Pete Seeger died on January 27, 2014 of natural causes at the age of 94. The noted folk singer and musician was equally respected for his political activism as for his music. After being “blacklisted” during the early 1950’s McCarthy-era anti-Communist movement, Seeger was able to continuing performing and recording folksongs for children. Most libraries still have his books and CD’s, including the book Abiyoyo (MacMillan, 1986), popularized on the public television show “Reading Rainbow.” Seeger’s final Grammy Award was given in 2010 for Best Musical Album for Children for “Tomorrow’s Children.” Seeger’s many awards and honors include being an inductee in the Rock and Roll Hall of Fame, the Grammy Lifetime Achievement Award, the Songwriters Hall of Fame, a Kennedy Center honoree, and the Schneider Family Book Award for The Deaf Musicians (Putnam, 2006).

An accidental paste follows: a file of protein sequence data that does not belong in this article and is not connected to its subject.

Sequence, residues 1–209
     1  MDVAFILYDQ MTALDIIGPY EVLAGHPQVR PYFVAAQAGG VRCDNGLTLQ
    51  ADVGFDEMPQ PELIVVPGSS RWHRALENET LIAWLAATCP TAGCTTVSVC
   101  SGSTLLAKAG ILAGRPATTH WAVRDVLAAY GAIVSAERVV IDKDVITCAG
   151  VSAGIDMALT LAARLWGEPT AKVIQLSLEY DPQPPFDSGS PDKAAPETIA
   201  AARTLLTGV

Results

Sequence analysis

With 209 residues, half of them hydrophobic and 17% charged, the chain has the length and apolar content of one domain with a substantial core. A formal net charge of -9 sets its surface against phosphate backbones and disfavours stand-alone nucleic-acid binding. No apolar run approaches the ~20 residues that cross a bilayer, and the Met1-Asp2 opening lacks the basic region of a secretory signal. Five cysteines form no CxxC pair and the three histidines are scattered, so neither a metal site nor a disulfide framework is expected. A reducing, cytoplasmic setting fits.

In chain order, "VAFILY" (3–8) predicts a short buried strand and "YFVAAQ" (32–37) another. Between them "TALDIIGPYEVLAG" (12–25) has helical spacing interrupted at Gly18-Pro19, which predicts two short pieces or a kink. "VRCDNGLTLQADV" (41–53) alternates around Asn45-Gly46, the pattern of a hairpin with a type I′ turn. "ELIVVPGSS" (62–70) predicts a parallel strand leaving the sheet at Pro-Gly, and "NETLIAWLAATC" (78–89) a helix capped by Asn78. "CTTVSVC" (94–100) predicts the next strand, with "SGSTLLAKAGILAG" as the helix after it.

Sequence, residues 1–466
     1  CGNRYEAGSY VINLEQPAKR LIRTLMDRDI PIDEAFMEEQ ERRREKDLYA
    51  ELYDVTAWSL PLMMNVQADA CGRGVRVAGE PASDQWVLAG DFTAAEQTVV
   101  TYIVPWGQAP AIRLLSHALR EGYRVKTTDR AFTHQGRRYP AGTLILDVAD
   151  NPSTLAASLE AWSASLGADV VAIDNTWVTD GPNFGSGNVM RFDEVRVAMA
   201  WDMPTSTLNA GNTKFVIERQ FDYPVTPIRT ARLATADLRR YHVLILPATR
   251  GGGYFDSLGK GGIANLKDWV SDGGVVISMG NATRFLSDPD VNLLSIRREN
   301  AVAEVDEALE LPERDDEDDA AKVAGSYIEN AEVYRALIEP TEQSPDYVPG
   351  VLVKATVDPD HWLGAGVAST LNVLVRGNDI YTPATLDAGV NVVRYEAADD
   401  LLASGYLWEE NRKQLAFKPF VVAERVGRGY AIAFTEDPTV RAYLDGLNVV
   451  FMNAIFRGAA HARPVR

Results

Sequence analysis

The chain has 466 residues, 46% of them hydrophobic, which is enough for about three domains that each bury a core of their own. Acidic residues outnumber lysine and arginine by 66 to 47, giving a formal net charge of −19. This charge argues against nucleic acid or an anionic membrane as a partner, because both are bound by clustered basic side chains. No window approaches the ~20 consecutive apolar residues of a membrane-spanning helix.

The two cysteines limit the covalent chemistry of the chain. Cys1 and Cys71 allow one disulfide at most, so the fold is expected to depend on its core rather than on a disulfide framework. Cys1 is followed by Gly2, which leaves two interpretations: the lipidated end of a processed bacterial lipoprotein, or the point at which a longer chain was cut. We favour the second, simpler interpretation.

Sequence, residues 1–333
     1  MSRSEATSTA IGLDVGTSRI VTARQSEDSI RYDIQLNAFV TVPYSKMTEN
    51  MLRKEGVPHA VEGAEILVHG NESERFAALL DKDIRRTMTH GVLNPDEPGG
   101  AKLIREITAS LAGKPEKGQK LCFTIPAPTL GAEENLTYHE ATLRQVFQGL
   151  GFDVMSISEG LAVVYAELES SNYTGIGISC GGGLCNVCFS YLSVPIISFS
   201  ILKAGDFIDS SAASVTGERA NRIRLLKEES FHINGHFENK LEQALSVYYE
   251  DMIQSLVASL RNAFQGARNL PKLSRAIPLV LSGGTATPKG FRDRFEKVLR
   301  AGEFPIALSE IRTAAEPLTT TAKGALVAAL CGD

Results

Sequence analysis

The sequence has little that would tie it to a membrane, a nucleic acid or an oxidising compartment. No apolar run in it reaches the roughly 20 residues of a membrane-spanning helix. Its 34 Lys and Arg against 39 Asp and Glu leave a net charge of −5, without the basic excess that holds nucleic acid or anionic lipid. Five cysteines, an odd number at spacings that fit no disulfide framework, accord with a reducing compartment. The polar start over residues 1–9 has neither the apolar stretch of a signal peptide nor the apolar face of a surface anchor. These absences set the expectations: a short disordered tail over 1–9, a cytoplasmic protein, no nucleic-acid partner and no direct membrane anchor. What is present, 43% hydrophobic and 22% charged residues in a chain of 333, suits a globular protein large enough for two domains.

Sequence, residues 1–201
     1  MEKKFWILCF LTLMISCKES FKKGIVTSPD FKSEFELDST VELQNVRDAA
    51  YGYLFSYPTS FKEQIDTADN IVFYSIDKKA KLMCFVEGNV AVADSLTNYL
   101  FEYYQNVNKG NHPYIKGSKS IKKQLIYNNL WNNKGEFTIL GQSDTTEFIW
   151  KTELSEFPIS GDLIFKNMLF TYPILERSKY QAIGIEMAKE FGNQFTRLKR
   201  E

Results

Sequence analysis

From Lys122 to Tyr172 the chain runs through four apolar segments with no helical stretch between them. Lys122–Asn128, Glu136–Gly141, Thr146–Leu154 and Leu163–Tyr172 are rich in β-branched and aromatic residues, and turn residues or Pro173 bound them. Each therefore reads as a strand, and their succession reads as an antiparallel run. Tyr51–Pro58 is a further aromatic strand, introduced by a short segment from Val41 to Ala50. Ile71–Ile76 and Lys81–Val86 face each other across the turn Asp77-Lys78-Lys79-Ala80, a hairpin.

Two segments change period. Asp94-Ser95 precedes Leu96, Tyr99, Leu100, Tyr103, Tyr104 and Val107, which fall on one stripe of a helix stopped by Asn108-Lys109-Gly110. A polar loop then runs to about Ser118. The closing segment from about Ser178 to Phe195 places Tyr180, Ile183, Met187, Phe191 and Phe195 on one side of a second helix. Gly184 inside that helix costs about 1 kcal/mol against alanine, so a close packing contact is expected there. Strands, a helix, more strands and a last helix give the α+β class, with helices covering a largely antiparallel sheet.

Morrie Turner, creator of the comic strip “Wee Pals,” has died at the age of 90. Turner was a ground-breaking African-American cartoonist – the first to draw a nationally syndicated comic strip. Many librarians remember Turner as a gracious visitor, talking to children and demonstrating his drawing techniques during library programs. Morris “Morrie” Turner was born in Oakland, CA in 1923, attending schools in Oakland and Berkeley. He developed “Wee Pals” while working as a clerk for the Oakland Police Department in 1965. Turner’s work has been featured in exhibits at the San Francisco Cartoon Museum, the San Francisco Public Library, and at Children’s Fairyland in Oakland.